Again, consider this other point.
It will be the death of me.
But you will certainly feel no more anger because of the blows I
have given you.
Come, show me what profit I shall gain from it.
I shall beat my mother just as I have you.
What do you say? what's that you say? Hah! this is far worse
And what if I prove to you by our school reasoning, that one ought
to beat one's mother?
Ah! if you do that, then you will only have to throw yourself,
along with Socrates and his reasoning, into the Barathrum. Oh! Clouds!
all our troubles emanate from you, from you, to whom I entrusted
myself, body and soul.
LEADER OF THE CHORUS
No, you alone are the cause, because you have pursued the path
Why did you not say so then, instead of egging on a poor
ignorant old man?
LEADER OF THE CHORUS
We always act thus, when we see a man conceive a passion for
what is evil; we strike him with some terrible disgrace, so that he
may learn to fear the gods.
Alas! oh Clouds! that's hard indeed, but it's just! I ought not to
have cheated my creditors....But come, my dear son, come with me to
take vengeance on this wretched Chaerephon and on Socrates, who have
deceived us both.
I shall do nothing against our masters.
Oh show some reverence for ancestral Zeus!
Mark him and his ancestral Zeus! What a fool you are! Does any
such being as Zeus exist?
No, a thousand times no! The ruler of the world is the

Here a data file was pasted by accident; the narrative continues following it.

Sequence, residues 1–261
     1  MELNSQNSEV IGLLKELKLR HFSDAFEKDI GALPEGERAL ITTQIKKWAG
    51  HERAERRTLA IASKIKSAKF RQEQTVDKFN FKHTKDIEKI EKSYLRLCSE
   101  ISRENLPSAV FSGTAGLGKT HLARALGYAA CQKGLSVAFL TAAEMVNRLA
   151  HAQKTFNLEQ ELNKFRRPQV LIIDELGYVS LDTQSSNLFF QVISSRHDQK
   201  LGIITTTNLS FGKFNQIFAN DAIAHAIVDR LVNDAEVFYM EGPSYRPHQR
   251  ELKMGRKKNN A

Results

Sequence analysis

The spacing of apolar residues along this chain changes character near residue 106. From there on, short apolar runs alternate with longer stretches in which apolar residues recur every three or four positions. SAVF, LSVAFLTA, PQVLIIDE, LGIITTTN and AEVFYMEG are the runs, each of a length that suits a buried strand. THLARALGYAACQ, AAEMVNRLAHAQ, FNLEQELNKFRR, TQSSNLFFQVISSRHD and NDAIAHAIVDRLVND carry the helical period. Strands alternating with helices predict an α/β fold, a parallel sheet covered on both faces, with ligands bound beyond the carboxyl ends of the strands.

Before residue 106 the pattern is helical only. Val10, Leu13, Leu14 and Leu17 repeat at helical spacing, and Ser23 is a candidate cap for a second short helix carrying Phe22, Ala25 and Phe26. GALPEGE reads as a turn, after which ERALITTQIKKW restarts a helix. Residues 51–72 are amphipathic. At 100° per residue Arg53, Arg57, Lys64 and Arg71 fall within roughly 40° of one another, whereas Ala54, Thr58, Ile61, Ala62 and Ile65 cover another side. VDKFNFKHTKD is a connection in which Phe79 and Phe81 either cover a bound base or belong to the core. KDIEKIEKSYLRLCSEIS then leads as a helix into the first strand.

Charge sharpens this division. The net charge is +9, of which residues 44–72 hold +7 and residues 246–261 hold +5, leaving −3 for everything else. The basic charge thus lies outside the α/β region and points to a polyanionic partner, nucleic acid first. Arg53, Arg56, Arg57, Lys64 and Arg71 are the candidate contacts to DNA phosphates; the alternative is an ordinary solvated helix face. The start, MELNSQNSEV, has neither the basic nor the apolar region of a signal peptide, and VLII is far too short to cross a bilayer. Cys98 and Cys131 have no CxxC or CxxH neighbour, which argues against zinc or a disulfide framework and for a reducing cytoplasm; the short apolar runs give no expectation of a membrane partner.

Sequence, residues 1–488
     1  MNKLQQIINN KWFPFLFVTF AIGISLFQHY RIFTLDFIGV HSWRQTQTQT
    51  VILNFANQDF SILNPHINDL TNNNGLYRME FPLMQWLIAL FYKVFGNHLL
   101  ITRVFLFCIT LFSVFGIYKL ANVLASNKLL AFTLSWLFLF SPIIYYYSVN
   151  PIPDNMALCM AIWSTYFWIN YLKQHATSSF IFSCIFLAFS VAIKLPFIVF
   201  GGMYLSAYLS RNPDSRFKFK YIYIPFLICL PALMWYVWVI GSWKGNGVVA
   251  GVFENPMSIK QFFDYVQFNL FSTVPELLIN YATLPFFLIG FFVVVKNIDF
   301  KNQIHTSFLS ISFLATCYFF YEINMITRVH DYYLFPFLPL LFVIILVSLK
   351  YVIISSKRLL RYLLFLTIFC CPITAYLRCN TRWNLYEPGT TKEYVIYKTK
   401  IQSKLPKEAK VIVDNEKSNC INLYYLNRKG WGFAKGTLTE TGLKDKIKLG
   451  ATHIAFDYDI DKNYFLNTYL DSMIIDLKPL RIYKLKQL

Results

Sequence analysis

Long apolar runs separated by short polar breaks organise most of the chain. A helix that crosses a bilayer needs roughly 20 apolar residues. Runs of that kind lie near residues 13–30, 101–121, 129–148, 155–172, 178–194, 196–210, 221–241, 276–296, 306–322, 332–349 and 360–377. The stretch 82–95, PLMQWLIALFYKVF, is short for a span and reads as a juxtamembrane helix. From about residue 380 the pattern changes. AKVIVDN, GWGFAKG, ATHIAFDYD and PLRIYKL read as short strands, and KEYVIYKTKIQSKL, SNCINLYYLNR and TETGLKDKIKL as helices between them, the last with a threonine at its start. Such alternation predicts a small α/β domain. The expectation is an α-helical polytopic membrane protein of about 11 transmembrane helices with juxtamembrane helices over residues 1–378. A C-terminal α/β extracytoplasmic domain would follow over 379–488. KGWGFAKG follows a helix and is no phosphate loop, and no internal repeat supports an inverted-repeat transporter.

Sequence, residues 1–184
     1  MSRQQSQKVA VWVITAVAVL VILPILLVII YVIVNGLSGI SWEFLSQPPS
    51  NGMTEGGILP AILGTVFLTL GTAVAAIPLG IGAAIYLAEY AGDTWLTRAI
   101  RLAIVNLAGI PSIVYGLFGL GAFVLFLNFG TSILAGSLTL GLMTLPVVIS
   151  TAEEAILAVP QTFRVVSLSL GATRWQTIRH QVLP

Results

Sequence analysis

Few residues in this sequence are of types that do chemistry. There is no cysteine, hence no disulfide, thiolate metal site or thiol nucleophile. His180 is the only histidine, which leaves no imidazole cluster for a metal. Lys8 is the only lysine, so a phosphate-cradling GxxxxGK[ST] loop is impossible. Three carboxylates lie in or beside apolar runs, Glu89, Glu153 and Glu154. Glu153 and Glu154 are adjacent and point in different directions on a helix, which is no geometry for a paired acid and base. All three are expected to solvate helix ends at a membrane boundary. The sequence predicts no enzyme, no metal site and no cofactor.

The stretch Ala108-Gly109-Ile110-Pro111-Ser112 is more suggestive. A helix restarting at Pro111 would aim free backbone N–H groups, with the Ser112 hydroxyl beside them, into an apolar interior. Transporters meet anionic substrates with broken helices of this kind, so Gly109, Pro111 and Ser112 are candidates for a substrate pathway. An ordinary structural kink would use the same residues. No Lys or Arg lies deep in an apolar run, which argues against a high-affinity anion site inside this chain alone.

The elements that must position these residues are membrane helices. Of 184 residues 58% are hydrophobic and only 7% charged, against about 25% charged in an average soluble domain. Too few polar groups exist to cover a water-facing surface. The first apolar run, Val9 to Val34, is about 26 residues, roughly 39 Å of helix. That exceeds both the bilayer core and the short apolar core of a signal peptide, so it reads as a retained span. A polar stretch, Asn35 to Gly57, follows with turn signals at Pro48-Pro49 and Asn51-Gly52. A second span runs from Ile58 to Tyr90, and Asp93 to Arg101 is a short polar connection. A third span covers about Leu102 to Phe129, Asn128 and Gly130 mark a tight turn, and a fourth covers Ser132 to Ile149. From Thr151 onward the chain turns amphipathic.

Whirlwind, that has unseated Zeus.
He has not dethroned him. I believed it, because of this whirligig
here. Unhappy wretch that I am! I have taken a piece of clay to be a
Very well! Keep your stupid nonsense for your own consumption.
(He goes back into STREPSIADES' house.)
Oh! what madness! I had lost my reason when I threw over the
gods through Socrates' seductive phrases. (Addressing the statue of
Hermes) Oh! good Hermes, do not destroy me in your wrath. Forgive
me; their babbling had driven me crazy. Be my counselor. Shall I
pursue them at law or shall I....? Order and I obey.-You are right, no
law-suit; but up! let us burn down the home of those praters. Here,
Xanthias, here! take a ladder, come forth and arm yourself with an
axe; now mount upon the Thoughtery, demolish the roof, if you love
your master, and may the house fall in upon them. Ho! bring me a
blazing torch! There is more than one of them, arch-impostors as
they are, on whom I am determined to have vengeance.
A DISCIPLE (from within)
Come, torch, do your duty! Burst into full flame!
What are you up to?
What am I up to? Why, I am entering upon a subtle argument with
the beams of the house.
SECOND DISCIPLE (from within)
Hullo! hullo who is burning down our house?
The man whose cloak you have appropriated.
You are killing us!
That is just exactly what I hope, unless my axe plays me false, or
I fall and break my neck.
SOCRATES (appearing at the window)
Hi! you fellow on the roof, what are you doing up there?
STREPSIADES (mocking SOCRATES' manner)
I am traversing the air and contemplating the sun.
Ah! ah! woe is upon me! I am suffocating!
And I, alas, shall be burnt up!
Ah! you insulted the gods! You studied the face of the moon! Chase
them, strike and beat them down! Forward! they have richly deserved
their fate-above all, by reason of their blasphemies.
LEADER OF THE CHORUS
So let the Chorus file off the stage. Its part is played.